The deadline for submitting evidence is 17 November 2010.

Delivering Race Equality in Mental Healthcare

A new report has been published by the National Institute for Mental Health England on the community engagement element of government’s Delivering Race Equality in Mental Health Care programme which ran from 2005 until 2008.

The report documents the project's outcomes for individuals, communities and mental health service development and includes commentaries from mental health experts.

Government strategy for the voluntary and community sector

On 14 October 2010, government launched a new strategy for the voluntary and community sector and a consultation on the strategy.

‘Building a Stronger Civil Society. A strategy for voluntary and community groups, charities and social enterprises’sets out ‘the scale and nature of the opportunities being made available to civil society organisations as part of the government’s wider reform agenda’.

An Office for Civil Society consultation on improving support for frontline civil society organisations’ seeks views about ‘how central government can best play a role to support building infrastructure in the voluntary and community sector. It aims to end top-down initiatives that filter spending through multiple layers, and help to make the support received more relevant, simpler to obtain and in keeping with the agenda for the Big Society’.

The consultation closes on 6 January 2011. Please note that, due to specific timing requirements for any new strategic partners programme, responses to Question 9 should be received by 25 November 2010 (Question 9 asks ‘How can central Government best work with national infrastructure to support and deliver the Big Society?’)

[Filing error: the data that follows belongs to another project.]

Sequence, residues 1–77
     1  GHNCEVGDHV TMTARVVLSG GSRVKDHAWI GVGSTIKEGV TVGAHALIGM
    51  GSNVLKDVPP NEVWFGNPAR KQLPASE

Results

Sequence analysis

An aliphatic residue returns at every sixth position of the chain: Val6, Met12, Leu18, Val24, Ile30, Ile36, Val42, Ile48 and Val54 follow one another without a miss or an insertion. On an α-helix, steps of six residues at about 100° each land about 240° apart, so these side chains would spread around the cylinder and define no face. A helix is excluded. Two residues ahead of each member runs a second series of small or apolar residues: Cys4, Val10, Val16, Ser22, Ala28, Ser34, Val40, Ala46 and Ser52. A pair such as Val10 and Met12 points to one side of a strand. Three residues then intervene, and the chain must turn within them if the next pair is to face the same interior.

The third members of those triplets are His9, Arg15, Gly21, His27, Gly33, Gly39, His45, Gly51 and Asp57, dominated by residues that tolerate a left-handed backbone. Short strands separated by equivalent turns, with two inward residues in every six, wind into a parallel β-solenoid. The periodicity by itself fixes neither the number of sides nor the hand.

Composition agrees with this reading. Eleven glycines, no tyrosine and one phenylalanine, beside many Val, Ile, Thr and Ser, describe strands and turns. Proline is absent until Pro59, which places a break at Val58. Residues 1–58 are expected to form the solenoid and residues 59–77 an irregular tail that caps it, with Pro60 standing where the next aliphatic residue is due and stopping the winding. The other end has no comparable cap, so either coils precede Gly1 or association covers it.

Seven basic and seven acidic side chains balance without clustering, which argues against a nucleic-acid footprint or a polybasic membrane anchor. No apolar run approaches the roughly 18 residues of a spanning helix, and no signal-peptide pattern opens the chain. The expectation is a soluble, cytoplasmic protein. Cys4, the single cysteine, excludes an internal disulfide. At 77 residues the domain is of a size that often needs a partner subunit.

Following consultation, the Government will consider the feedback to the consultation. A summary will be published in 2011 with the overall Government response to the consultation.

The announcement can be read here.

The strategy document can be read here.

The consultation document can be read here.

Comprehensive Spending Review

On 20 October the Chancellor of the Exchequer announced the results of the Comprehensive Spending Review (CSR). This outlined the cuts to the central and local government budgets from now until the end of 2015. It represents a significant reduction of funding for services and will have significant affect on communities and the services upon which they rely.

Here we present our initial thoughts on the likely impact of cuts on BAME communities and organisations.

Communities and Local Government is the Government department responsible for the budgets of local government and the Minister for race equality.

The budget for local Government will take a cut of 27 percent over the next four years; that is a cut of nearly seven percent every year for the next four years. There will be greater discretion for local authorities on how they spend this money with only health and schools funding to be ring-fenced. Local authorities will now be able to spend other funding that had been ring-fenced as they wish. There is therefore a great need in the coming years for BAME communities to engage with their local authorities to ensure that race equality is prioritised.

The general budget for Communities and Local Government, which covers its non-local government spending, will be cut by 51 percent. We are concerned about the potential impact this will have on centrally driven initiatives for delivering race equality and community cohesion.

The Government Equalities Office (GEO) which is developing the legal framework for the Equality Act 2010 will also be significantly cut. The GEO will receive a 38 percent cut in funding over the next four years for its work and that of the Equality and Human Rights Commission (EHRC) and the Women’s National Commission. This will start with a 15 percent cut of £10 million next year.